For most people, Steely Dan are synonymous with the studio-bred meticulousness that permeated most California pop records of the 1970s. To this day, the irrefragably good "Do It Again", not to mention the circuitous "Aja" -- among many other songs -- continue to evoke the less than salubrious denizens of otherwise unimpeachable SoCal coastal towns, places like San Pedro and Huntington Beach. Long before American pop culture centered itself on the praxis of deconstructing the motivations of vapid models and pseudo-cult leaders, Walter Becker and Donald Fagen were doing it with remarkable acuity.
But before the misanthropic duo embarked on their westward sojourn, Becker and Fagen -- who grew up in the New York suburbs and met as disgruntled students at Bard College in Dutchess County -- served as pioneers in another sense. Popular legend holds that they slummed it out in Brooklyn between 1969 and 1971 while pursuing their mutual dream of attaining success as professional songwriters; according to biographer Brian Sweet, only Fagen lived in the borough (in a President Street apartment with his girlfriend), while Becker stayed with his sister and grandmother in Queens. Although their stay was comparatively short, it was intensely prolific -- in addition to demoing dozens of songs (including "Brooklyn", which later appeared on their Can't Buy A Thrill EP), they toured as backing musicians for Jay & the Americans. Relations between the clean-cut band and the hippieish duo were acrimonious at best -- Jay Black (already ensnared in the gambling addiction that would drive him into bankruptcy) was fond of calling them "the Manson and Starkweather of rock and roll," while Becker and Fagen developed private in-jokes that left other band members on edge. Still, the twosome brought a new spirit to the group's tepid repertoire, adding Motown-style bridges to otherwise banal songs.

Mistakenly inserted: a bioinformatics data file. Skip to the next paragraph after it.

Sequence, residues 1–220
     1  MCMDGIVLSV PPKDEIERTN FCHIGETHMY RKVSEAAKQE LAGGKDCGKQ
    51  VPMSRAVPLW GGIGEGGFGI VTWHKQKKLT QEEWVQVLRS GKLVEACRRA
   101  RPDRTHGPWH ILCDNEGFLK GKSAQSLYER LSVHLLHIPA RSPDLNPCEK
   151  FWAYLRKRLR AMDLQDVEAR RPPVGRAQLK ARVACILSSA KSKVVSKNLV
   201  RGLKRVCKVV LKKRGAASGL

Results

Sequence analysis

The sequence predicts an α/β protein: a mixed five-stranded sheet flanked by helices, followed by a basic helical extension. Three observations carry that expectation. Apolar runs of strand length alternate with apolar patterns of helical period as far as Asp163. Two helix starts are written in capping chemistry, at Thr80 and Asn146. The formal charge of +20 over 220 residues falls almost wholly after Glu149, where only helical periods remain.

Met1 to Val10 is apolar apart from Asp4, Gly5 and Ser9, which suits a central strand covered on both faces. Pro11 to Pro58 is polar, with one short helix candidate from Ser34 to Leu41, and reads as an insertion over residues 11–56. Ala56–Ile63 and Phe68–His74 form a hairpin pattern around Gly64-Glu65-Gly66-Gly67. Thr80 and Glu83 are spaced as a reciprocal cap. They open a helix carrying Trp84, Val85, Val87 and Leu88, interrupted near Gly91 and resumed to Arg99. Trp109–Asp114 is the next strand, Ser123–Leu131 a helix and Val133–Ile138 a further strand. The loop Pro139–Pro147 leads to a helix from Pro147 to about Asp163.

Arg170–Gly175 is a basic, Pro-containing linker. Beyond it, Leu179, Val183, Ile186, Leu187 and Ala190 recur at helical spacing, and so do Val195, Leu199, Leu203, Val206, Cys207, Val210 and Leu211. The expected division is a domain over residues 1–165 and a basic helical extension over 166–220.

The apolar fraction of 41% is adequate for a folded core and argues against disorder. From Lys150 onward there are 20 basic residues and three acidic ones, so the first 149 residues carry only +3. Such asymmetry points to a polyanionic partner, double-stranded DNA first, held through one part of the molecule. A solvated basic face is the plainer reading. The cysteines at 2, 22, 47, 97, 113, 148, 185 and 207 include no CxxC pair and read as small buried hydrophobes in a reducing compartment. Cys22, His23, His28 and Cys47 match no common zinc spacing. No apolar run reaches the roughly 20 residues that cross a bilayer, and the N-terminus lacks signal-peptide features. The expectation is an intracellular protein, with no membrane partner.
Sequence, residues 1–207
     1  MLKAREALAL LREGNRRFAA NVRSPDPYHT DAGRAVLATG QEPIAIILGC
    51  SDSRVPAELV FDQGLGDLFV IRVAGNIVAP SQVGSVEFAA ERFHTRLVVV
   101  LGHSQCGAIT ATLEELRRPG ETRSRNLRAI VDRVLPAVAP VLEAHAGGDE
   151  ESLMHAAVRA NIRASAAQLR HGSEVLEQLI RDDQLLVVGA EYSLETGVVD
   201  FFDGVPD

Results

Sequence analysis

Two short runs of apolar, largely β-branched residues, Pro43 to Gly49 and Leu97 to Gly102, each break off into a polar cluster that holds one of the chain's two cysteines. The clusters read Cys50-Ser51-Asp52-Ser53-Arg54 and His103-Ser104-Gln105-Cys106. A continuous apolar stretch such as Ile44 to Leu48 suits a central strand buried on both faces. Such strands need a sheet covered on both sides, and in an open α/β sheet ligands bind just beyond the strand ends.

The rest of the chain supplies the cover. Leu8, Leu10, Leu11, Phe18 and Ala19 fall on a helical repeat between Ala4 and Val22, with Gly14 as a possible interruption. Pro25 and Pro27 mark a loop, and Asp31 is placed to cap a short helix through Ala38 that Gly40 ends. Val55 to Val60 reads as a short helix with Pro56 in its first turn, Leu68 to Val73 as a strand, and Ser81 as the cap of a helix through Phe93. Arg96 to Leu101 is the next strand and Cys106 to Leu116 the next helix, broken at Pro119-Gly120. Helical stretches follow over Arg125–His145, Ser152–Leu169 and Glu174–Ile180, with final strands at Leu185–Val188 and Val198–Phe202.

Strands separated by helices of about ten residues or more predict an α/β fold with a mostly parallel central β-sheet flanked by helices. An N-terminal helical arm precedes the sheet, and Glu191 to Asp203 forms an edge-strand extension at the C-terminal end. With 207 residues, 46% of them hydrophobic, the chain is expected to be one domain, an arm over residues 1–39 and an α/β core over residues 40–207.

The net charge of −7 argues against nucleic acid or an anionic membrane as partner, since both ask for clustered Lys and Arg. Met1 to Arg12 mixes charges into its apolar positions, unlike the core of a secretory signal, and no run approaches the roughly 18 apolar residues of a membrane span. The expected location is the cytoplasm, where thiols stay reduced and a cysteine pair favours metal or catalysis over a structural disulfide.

In addition to one song ("I Mean to Shine"), the most enduring contribution from the Brooklyn years was the soundtrack to You've Got to Walk It Like You Talk It or You'll Lose That Beat, an obscure film starring Richard Pryor. While the music is far from the sophisticated jazz-rock of later efforts, instrumentals like "Flotsam and Jetsam" -- driven by Fagen's wah-wahed electric piano -- are underpinned by the same bluesy structures that characterize the more accomplished "Reelin' in the Years". The soundtrack is still available as an import -- or, for the more daring, on numerous file sharing sites.
For those who are interested, Steely Dan play the Beacon Theater this week.